From The MS Information Sourcebook, produced by the National MS Society.
The goal of a rehabilitation program is to restore and maintain functions essential to health and daily living in individuals who have lost these capacities through injury or illness. Most rehabilitation programs are comprehensive in nature and have several different aspects.
Physical Therapy: Physical therapy (PT) is designed to help restore, improve, and maintain useful movement or function. Examples of physical therapy are:
- Stretching and range of motion exercises
- Exercises to develop trunk control and upper arm muscles Evaluation to identify appropriate assistive equipment, including ambulatory aids, braces and wheelchairs, etc.
- Training in walking and appropriate use of assistive devices, such as ambulatory aids, braces, and wheelchairs, etc.
- Transfer training-how to get from one spot to another, such as from bed to wheelchair or from wheelchair to car
- Functioning strengthening, and balance, coordination, and endurance training
- Development of appropriate home and community exercise and activity programs
- Training in how to fall safely in order to cause the least possible damage
- Patient and family education
PT is also designed to help prevent complications such as frozen joints, contractures (muscles that won't stretch out), or bedsores. PT is often prescribed and tailored to the individual with MS by a neurologist, or a physiatrist-a physician who specializes in rehabilitation medicine.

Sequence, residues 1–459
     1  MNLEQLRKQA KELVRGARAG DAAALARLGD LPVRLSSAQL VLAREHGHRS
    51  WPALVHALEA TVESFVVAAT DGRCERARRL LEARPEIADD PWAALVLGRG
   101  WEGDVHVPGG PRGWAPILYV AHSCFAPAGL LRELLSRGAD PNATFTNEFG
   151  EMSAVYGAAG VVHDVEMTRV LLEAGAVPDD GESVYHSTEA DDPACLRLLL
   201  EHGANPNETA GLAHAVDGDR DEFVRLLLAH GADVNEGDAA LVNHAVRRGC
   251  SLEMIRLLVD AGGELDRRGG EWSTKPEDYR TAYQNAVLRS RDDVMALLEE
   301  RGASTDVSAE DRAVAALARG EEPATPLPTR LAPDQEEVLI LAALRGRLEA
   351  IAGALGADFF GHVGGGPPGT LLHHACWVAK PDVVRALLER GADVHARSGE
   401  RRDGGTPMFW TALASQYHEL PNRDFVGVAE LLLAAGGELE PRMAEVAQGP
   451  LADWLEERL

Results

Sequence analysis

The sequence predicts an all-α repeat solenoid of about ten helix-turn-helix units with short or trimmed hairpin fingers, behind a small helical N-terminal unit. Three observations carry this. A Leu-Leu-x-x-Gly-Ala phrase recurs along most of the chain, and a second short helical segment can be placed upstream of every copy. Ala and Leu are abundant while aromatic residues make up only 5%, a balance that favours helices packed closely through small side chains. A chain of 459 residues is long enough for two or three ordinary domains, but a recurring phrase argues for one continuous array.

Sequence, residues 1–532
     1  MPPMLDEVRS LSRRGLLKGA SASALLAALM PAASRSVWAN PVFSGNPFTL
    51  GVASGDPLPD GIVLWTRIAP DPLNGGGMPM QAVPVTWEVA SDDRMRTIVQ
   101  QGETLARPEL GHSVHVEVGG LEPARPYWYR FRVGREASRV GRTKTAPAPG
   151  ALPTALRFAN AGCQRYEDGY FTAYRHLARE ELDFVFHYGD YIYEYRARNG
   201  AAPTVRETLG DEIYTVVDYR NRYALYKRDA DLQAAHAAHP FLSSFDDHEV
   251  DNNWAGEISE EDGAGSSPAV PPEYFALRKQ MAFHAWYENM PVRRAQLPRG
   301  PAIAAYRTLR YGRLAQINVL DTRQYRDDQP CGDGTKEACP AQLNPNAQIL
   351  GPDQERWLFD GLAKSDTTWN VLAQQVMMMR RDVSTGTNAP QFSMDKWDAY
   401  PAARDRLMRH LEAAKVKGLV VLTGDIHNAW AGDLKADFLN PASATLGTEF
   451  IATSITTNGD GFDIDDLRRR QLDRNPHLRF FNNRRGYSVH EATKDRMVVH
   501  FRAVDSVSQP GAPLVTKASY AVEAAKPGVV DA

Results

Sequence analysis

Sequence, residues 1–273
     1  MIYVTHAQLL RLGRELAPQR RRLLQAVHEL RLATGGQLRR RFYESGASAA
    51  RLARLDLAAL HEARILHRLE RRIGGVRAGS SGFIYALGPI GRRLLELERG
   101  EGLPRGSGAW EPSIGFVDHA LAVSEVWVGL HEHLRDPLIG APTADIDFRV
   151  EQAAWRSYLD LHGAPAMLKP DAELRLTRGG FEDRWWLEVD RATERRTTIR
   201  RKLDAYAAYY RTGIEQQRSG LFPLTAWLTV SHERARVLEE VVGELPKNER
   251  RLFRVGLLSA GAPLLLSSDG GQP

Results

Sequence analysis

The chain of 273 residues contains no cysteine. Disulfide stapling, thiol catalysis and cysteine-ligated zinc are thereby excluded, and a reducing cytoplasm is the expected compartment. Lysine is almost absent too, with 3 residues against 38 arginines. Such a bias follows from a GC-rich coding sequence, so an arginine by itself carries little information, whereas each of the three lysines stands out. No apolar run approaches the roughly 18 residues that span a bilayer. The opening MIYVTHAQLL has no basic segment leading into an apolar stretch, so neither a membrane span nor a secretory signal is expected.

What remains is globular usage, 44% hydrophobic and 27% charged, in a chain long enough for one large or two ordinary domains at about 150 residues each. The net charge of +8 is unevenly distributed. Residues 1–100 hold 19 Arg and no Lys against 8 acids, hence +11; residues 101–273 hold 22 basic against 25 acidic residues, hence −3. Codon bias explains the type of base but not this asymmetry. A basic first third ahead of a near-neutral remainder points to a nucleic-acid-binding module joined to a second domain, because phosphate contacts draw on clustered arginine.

The need for physical therapy intervention varies, depending on the level of disability, tolerance for activity, and the course of the disease. Emphasis should be directed toward establishment of an effective home and community program that is focused on achieving and maintaining optimal function, with periodic follow-up sessions to revise the exercise and activity program as symptoms change.
Occupational Therapy: Occupational therapy (OT) focuses on specific Activities of Daily Living or ADLs that primarily involve the arms and hands. Examples of ADLs include grooming, dressing, eating, handwriting, and driving.
An occupational therapist can prescribe exercises designed to develop fine coordination or compensate for tremor or weakness, or suggest assistive devices, such as button hooks and other dressing aids. Occupational therapists may also evaluate wheelchairs, room arrangements, or other living or working conditions and recommend adjustments for a more efficient and safe environment.
Speech Therapy: Speech therapy, provided by a speech/language pathologist, is designed to help improve communication skills in people who have difficulty speaking because of weakness or incoordination of face and tongue muscles. This is generally accomplished through exercises and the use of assistive devices. Speech therapists are also trained to evaluate and treat swallowing disorders (dysphagia).
Cognitive Retraining: A relatively new area of rehabilitation concerns cognitive function. Some rehabilitation centers have innovative programs designed to help people compensate for loss of memory or slowed learning ability. Cognitive testing and retraining are most often performed by neuropsychologists, speech/language pathologists, and occupational therapists.
Rehabilitation may be carried out in an inpatient or an outpatient setting. A neurologist can advise a person with MS as to the most appropriate facilities.
For Healthcare Professionals
Coyle P., Halper J. Meeting the Challenge of Progressive Multiple Sclerosis (3rd ed.). New York: Demos Medical Publishing, 2001.
—Ch. 5 Facing the Challenge of Worsening Multiple Sclerosis
Kalb R. (ed.) Multiple Sclerosis: The Questions You Have; The Answers You Need (3rd ed.). New York: Demos Medical Publishing, 2004.
—Ch. 5 Physical Therapy
—Ch. 6 Occupational Therapy
—Ch. 7 Speech and Voice Disorders
—Ch. 8 Swallowing
—Ch. 9 Cognition